If you’ll permit a small detour, I’m slightly reminded of watching my old middle school students do scientific investigations. When an activity was going well, one of my favourite things to do was to find an inconspicuous place, where I was out of the students’ way, so I could just watch them. I loved seeing their faces as they made connections between what they were observing and what we’d talked about in class, when ideas suddenly came together for them and they would rush forward to try to see if their new hypotheses would work. Those moments were magic. Now, when I talk to my science education undergrads about trying to create those moments with their future students, I usually do it by making reference the zone of proximal development.
The idea originated with Russian psychologist Lev Vygotsky, whose work on the relationships between social language and learning has influenced generations of educators. The term is usually explained as the distance between what a child can do on her own and what she can accomplish if she works with a teacher or more capable peer. What’s often forgotten is that the idea was first proposed in relation to children’s thinking and concept development, and I’ve always preferred this way of explaining it. Like other psychologists at the time, Vygotsky recognized that children actively develop ideas about the world, but he also knew those ideas wouldn’t just spontaneously turn into complex and abstract scientific ideas. Students need help from adults to develop mature ideas and scientific thinking. The zone of proximal development can describe the place where students’ own ideas about the world are able to meet the scientific ideas of their teachers.[i] Those moments where you add one little piece of information or remind kids of something you talked about earlier and their faces light up? When they gasp and say “Oh, I totally get that now!” Those are the moments you’ve been in the zone of proximal development.
So, back to Nick Everett. In trying to understand why the song and the live performance work so well, I happened upon something that caught my eye. Nick was a little hesitant to chat with me about Liar, apologizing that he wouldn’t necessarily have much to say about science. When I emailed him later, “I’ll do my best to answer these questions,” he wrote back, “but like I said, I can’t promise much insight or any brilliant commentary – I think in music almost exclusively.” Of course, I reassured him that his answers were terrific: both helpful and interesting. One in particular, though, brought everything together. I had asked directly about managing the complexities of Liar live, making it work with mostly just a guitar. He brushed the complexity off a bit and responded, “I taught myself to play by writing music, so every new song I write is beyond my playing ability. It was impossible to play when I was first writing it, but now I could play it sleeping – it’s very much a part of me.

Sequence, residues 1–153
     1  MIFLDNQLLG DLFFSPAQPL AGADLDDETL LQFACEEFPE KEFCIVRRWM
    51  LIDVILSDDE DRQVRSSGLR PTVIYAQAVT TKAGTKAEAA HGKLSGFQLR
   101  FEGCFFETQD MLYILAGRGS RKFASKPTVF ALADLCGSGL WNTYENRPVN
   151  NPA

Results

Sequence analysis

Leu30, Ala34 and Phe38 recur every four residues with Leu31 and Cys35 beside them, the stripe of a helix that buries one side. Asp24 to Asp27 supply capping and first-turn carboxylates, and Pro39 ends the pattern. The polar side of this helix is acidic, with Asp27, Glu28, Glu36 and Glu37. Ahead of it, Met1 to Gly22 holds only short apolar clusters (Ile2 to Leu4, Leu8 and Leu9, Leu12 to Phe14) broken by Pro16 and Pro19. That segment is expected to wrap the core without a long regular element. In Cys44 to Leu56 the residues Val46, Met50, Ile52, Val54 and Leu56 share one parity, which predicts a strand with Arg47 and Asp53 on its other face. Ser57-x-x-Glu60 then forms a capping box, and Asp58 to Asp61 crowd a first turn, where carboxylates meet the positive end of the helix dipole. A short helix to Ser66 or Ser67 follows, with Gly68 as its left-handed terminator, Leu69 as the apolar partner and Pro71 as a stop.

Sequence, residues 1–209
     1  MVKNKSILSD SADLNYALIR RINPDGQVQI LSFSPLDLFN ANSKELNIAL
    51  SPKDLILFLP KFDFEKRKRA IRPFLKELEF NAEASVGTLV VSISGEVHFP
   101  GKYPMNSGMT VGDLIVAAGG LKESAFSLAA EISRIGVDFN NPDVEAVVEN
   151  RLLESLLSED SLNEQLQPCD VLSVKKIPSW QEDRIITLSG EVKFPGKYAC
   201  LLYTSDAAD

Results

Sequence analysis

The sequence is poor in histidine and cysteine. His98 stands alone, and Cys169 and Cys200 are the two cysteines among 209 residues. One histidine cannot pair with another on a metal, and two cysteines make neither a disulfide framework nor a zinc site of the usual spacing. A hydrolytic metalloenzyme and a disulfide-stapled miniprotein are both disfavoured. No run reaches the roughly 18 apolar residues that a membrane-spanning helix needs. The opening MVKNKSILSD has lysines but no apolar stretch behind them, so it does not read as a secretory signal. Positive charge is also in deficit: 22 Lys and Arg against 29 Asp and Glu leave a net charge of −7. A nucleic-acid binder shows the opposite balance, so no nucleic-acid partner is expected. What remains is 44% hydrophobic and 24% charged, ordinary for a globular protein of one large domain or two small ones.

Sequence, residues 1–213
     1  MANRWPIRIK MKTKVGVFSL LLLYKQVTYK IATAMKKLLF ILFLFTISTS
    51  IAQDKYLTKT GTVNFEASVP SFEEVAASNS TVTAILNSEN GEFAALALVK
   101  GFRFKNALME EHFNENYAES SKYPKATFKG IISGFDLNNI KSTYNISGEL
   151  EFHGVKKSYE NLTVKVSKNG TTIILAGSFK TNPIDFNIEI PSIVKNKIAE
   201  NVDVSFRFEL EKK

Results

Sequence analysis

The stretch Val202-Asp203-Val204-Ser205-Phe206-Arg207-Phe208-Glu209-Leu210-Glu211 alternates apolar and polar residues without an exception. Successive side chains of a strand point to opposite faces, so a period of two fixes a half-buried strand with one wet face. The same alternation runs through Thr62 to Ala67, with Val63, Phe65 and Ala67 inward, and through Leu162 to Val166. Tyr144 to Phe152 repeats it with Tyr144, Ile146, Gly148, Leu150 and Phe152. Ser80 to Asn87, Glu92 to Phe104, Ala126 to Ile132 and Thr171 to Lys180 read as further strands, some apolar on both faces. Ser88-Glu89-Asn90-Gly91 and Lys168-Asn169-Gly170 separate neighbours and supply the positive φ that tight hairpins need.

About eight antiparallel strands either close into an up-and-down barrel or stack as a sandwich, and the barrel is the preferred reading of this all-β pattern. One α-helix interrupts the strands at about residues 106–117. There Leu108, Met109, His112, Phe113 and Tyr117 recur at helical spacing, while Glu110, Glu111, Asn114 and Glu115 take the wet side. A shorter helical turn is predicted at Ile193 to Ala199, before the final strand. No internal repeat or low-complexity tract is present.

And suddenly I saw the connection. What we’re seeing on stage, and hearing on the record, is the embodiment of Nick’ own zone of proximal development. As someone who thinks in music all the time, we’re seeing the results those moments when his abstract ideas grab onto and pull his ability to play. There’s a little bit of what happens to my students when their eyes light up during an experiment in Liar. Something about it captures the spirit of that moment, and I think that’s what makes it so compelling.
Back at the show, at the end of the set someone yelled, “One more, plueeeeessssse!” To which Nick responded with a shy and self-effacing smile, “It’s entirely possible that we don’t have any more songs.” From what I’ve seen, I can guarantee that won’t be true for long.
[i] This explanation of the zone of proximal development is found in Chapter 6 Vygotsky’s Thought and Language and is expertly described by Alex Kozulin in his foreword to the 1986 edition from MIT Press.